JacksonDurai review

Jackson Durai, directed by Burma fame Dharanidaran is another addition to the assembly line of horror comedies coming out of Tamil cinema every other week. The film features Sathyaraj, son Sibi, Bindu Madhavi along with celebrated comedians like Motta Rajendran, Karunakaran and Yogi Babu in the lead. The plot goes like this:

A rookie cop, ‘Bullet’ Sathya (Sibi) is sent on an assignment to a village where a bungalow is supposedly haunted by ghosts. Beyond a point, he is forced to actually live in this bungalow for a week, with a sidekick (Karunakaran). The two vie for Bindu Madhavi’s hand and her dad dares them to survive in this bungalow to prove their bravery. How the two of them encounter the ghosts in the property and whether they manage to get rid of these forces is the film’s plot.

The first half of the film is rollicking fun and things are set up really well for the second half. Yogi Babu, Sibi and Karunakaran are in good form and the laughs keep coming in the first half. After the action shifts to the bungalow, till the intermission point, it is really entertaining indeed. Director Dharanidaran delivers a breezy film in this part and it looks like a sureshot hit after the first half. But after that, Jackson Durai sadly dips and turns out to be just a watchable affair due to a rather insipid second half which is nowhere near the levels of the first, despite the odd good moment or two.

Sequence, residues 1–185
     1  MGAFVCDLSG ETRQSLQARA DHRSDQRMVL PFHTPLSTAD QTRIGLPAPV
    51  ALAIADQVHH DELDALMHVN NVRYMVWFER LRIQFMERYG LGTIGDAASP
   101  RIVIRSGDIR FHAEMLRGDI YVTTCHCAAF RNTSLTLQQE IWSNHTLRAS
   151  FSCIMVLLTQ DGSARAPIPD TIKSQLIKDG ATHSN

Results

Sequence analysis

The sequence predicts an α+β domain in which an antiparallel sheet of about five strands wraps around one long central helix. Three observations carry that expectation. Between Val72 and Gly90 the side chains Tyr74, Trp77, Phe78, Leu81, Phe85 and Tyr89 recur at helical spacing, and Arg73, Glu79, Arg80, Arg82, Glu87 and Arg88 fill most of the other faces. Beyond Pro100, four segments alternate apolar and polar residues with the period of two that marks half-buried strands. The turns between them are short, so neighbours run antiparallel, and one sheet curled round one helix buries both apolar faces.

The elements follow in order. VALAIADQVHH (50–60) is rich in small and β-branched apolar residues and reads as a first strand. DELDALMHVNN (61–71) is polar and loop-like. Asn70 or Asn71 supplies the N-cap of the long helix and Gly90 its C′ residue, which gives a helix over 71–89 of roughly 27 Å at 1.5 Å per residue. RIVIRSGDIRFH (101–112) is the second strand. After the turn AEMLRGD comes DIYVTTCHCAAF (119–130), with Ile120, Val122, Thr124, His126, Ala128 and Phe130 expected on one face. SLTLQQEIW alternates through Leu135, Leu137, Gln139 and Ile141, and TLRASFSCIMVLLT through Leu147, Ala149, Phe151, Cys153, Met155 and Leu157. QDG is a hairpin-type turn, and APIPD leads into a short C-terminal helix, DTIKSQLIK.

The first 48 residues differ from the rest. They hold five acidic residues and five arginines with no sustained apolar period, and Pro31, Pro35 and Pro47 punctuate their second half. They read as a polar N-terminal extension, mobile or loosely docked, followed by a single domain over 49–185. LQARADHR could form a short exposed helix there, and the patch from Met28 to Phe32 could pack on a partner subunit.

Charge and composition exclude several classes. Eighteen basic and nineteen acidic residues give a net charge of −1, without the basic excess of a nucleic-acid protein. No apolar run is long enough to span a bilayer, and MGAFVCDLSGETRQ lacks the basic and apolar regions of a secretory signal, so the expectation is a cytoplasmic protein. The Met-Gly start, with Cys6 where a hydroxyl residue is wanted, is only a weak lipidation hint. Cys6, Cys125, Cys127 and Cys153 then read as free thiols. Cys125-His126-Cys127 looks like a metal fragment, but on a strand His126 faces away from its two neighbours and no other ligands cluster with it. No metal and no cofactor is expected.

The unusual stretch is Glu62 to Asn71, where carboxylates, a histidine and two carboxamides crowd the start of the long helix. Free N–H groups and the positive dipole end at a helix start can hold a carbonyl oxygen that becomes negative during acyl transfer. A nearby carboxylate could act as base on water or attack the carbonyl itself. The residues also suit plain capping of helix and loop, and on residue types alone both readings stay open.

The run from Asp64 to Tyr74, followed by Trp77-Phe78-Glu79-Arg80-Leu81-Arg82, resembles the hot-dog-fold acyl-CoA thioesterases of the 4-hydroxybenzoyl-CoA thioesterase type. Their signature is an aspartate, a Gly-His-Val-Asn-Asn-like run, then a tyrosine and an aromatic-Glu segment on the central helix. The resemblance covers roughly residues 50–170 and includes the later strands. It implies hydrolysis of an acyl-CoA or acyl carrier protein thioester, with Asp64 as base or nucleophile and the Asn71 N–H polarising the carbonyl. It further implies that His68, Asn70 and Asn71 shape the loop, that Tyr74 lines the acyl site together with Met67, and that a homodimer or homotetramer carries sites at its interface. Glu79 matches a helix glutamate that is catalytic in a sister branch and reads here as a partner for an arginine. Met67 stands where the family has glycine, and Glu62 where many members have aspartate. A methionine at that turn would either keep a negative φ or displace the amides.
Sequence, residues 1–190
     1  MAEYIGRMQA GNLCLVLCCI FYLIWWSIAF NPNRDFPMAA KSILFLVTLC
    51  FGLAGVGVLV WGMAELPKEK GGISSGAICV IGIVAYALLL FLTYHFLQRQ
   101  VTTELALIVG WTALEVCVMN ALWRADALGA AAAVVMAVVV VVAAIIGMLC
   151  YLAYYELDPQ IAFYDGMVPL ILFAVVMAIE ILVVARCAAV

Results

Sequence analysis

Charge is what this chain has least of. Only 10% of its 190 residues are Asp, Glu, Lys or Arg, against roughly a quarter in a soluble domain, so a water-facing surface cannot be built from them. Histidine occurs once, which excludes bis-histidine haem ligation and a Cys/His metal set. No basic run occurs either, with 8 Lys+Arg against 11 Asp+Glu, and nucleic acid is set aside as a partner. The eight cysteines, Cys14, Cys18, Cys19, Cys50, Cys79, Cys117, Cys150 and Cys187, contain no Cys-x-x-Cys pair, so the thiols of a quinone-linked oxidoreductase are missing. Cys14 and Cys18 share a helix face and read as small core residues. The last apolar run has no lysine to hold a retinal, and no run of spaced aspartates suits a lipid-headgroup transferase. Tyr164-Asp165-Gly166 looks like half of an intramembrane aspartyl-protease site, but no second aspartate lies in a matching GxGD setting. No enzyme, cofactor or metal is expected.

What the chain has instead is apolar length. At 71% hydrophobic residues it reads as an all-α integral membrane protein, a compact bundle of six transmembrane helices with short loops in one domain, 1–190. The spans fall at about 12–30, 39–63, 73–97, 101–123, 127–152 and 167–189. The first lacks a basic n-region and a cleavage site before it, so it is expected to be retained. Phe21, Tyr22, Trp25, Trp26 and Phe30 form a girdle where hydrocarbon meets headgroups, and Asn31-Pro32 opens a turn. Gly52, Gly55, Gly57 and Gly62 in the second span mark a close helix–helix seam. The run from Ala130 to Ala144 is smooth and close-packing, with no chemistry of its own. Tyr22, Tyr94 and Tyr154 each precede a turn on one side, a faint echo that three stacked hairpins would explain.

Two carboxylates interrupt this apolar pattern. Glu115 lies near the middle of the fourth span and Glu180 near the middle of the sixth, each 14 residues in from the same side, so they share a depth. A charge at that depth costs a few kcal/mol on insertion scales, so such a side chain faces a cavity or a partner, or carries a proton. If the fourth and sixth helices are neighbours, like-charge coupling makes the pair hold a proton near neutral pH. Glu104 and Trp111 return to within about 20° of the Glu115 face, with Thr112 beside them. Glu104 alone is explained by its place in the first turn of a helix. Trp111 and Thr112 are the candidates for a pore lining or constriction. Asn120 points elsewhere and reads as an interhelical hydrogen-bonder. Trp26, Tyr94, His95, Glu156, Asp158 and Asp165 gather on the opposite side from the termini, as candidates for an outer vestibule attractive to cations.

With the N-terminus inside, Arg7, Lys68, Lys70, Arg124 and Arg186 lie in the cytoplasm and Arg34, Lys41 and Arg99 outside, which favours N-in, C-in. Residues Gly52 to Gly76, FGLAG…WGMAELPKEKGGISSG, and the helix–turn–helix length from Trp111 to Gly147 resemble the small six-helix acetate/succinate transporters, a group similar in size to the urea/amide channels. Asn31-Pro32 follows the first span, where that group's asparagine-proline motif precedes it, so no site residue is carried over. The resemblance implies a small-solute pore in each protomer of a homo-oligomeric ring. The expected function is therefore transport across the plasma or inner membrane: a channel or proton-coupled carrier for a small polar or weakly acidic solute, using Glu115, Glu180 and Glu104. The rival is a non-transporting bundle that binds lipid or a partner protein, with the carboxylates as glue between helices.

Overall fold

Sathyaraj and Motta Rajendran don’t live up to the immense hype generated by their terrific makeovers and turn out as caricatures, sadly. The idea of having a pre-independence, freedom struggle angle in the story and connecting it to the horror factor is interesting but it doesn’t click. In the brief flashback, the director tries to arouse our patriotic feelings.

Bindu Madhavi gets a largely dispensable part as a village girl who falls in love with Sibi. Her career just doesn’t take off! There are some foreign actors in the cast, and the small kid is milked for few good laughs.

Good work has been done on the production design by TN Kabilan and makeup by Vinod. The camera work and lighting patterns employed by DoP Yuva are also impressive. There is big scope for these departments as majority of the film happens inside the haunted bungalow and with the ghosts, and all of them have delivered. The makeup isn’t too gory and serves the purpose.

There aren’t needless songs playing spoilsport and the background score by ‘Demonte Colony’ fame Chinna is apt for the horror moments. But there is some blatant plagiarism (from RocknRolla), in the BGM theme that is used for Sibi’s introduction.

To sum up, Jackson Durai is a disappointment as it had the platform to be a genuine horror-comedy Hit at the halfway mark.

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